Function core::ptr::drop_in_place

1.8.0 · source · []
pub unsafe fn drop_in_place<T: ?Sized>(to_drop: *mut T)
Expand description

Executes the destructor (if any) of the pointed-to value.

This is semantically equivalent to calling ptr::read and discarding the result, but has the following advantages:

  • It is required to use drop_in_place to drop unsized types like trait objects, because they can’t be read out onto the stack and dropped normally.

  • It is friendlier to the optimizer to do this over ptr::read when dropping manually allocated memory (e.g., in the implementations of Box/Rc/Vec), as the compiler doesn’t need to prove that it’s sound to elide the copy.

  • It can be used to drop pinned data when T is not repr(packed) (pinned data must not be moved before it is dropped).

Unaligned values cannot be dropped in place, they must be copied to an aligned location first using ptr::read_unaligned. For packed structs, this move is done automatically by the compiler. This means the fields of packed structs are not dropped in-place.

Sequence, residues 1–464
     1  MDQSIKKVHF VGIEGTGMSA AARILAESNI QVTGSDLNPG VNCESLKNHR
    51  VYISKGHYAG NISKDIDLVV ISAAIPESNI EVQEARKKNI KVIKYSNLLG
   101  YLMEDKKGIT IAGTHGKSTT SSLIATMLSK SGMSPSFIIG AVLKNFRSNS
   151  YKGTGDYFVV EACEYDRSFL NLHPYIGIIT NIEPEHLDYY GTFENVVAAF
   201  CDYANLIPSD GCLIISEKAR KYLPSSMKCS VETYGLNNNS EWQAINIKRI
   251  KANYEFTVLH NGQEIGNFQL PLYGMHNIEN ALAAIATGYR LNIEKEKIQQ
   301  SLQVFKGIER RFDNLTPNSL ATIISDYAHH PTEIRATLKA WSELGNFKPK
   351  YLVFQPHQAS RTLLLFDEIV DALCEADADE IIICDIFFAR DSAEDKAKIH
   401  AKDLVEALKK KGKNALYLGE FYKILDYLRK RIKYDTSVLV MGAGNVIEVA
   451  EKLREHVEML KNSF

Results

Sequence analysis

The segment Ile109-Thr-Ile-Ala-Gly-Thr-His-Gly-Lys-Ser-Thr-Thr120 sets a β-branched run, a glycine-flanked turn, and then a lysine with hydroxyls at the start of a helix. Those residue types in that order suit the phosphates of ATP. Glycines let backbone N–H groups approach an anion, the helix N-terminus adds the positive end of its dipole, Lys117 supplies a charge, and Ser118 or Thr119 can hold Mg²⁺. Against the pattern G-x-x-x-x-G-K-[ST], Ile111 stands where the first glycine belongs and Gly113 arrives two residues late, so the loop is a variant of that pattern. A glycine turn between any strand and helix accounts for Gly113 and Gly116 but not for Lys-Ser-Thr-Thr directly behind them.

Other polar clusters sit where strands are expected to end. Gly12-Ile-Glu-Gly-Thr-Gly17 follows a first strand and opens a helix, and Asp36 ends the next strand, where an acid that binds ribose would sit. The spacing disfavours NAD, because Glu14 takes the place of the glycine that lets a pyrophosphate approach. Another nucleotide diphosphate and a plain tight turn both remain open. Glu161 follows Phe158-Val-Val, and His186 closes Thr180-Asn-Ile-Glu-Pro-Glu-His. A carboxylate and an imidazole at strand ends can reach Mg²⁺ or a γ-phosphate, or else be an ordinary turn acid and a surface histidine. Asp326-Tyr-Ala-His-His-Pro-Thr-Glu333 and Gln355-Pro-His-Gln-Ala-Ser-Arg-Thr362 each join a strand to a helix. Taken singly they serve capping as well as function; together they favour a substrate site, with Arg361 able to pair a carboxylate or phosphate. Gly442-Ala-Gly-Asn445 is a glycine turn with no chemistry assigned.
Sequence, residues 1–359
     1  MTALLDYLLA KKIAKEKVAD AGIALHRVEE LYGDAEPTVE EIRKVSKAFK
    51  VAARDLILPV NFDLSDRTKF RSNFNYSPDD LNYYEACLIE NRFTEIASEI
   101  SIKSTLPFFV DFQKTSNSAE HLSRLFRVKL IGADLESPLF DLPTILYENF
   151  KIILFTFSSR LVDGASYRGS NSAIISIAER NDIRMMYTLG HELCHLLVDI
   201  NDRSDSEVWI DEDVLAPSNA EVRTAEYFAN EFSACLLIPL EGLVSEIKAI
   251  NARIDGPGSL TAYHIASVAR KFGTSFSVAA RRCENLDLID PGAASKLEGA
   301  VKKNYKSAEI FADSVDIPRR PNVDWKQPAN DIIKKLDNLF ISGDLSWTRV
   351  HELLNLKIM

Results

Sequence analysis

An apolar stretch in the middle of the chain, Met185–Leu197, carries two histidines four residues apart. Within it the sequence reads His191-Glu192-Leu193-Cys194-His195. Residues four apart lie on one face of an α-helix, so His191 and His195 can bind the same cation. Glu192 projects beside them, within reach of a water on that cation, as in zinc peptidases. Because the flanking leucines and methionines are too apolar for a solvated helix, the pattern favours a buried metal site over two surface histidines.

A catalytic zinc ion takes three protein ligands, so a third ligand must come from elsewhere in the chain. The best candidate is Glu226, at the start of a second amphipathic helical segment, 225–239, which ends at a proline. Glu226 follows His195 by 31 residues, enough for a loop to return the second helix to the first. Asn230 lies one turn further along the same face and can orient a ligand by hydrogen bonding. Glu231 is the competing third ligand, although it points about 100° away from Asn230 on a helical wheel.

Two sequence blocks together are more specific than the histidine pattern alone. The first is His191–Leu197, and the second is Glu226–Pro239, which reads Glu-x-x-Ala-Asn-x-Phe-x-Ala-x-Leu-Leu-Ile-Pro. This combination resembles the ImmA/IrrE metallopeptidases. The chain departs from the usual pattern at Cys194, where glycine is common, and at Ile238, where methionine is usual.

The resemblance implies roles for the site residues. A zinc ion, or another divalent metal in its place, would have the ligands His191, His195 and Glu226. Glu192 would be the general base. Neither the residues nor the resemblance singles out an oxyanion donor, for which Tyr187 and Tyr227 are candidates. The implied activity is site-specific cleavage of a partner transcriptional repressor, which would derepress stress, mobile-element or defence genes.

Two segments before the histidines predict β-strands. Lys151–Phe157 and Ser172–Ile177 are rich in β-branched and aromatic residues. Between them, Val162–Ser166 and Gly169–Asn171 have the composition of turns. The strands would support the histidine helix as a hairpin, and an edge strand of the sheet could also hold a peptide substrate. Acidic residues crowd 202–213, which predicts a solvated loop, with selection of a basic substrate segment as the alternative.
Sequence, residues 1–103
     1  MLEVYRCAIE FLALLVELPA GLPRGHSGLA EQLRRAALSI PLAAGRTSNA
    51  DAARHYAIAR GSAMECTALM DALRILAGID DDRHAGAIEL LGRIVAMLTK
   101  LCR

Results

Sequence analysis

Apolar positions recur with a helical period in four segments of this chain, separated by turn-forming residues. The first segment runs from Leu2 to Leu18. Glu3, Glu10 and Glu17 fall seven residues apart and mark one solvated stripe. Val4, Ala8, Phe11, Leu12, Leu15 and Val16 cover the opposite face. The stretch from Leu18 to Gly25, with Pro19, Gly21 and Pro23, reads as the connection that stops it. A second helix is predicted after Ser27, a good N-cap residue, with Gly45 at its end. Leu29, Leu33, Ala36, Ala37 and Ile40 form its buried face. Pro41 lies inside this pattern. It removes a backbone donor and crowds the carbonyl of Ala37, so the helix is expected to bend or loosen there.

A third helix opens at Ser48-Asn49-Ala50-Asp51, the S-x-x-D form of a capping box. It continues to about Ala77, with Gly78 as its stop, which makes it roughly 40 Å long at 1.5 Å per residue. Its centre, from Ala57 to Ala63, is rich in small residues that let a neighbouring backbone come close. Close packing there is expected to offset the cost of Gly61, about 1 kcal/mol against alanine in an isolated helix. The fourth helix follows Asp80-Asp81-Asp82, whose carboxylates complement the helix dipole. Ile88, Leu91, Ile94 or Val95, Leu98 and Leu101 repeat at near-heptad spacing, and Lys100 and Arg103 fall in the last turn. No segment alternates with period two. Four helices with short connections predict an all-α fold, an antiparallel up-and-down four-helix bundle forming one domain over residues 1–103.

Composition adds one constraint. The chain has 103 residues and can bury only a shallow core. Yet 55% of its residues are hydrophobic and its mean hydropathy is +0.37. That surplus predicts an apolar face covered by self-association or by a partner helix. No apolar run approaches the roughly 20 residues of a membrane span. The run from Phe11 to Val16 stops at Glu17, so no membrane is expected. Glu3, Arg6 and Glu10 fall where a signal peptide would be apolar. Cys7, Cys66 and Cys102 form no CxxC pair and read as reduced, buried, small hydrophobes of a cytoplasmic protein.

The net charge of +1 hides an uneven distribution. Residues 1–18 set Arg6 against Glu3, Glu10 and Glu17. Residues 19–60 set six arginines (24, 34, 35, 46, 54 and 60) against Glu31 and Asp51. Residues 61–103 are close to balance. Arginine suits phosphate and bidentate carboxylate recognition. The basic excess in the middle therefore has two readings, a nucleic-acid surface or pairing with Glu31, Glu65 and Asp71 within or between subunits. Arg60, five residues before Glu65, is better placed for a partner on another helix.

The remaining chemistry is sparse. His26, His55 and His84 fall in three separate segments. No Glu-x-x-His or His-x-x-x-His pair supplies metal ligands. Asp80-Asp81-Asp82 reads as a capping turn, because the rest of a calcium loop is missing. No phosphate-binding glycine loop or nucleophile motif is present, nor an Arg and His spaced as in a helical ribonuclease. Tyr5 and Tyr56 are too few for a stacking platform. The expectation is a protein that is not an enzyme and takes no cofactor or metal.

Behavior is undefined if any of the following conditions are violated:

  • to_drop must be valid for both reads and writes.

  • to_drop must be properly aligned.

  • The value to_drop points to must be valid for dropping, which may mean it must uphold additional invariants - this is type-dependent.

Additionally, if T is not Copy, using the pointed-to value after calling drop_in_place can cause undefined behavior. Note that *to_drop = foo counts as a use because it will cause the value to be dropped again. write() can be used to overwrite data without causing it to be dropped.

Note that even if T has size 0, the pointer must be non-null and properly aligned.


Manually remove the last item from a vector:

use std::ptr;
use std::rc::Rc;

let last = Rc::new(1);
let weak = Rc::downgrade(&last);

let mut v = vec![Rc::new(0), last];

unsafe {
    // Get a raw pointer to the last element in `v`.
    let ptr = &mut v[1] as *mut _;
    // Shorten `v` to prevent the last item from being dropped. We do that first,
    // to prevent issues if the `drop_in_place` below panics.
    // Without a call `drop_in_place`, the last item would never be dropped,
    // and the memory it manages would be leaked.

assert_eq!(v, &[0.into()]);

// Ensure that the last item was dropped.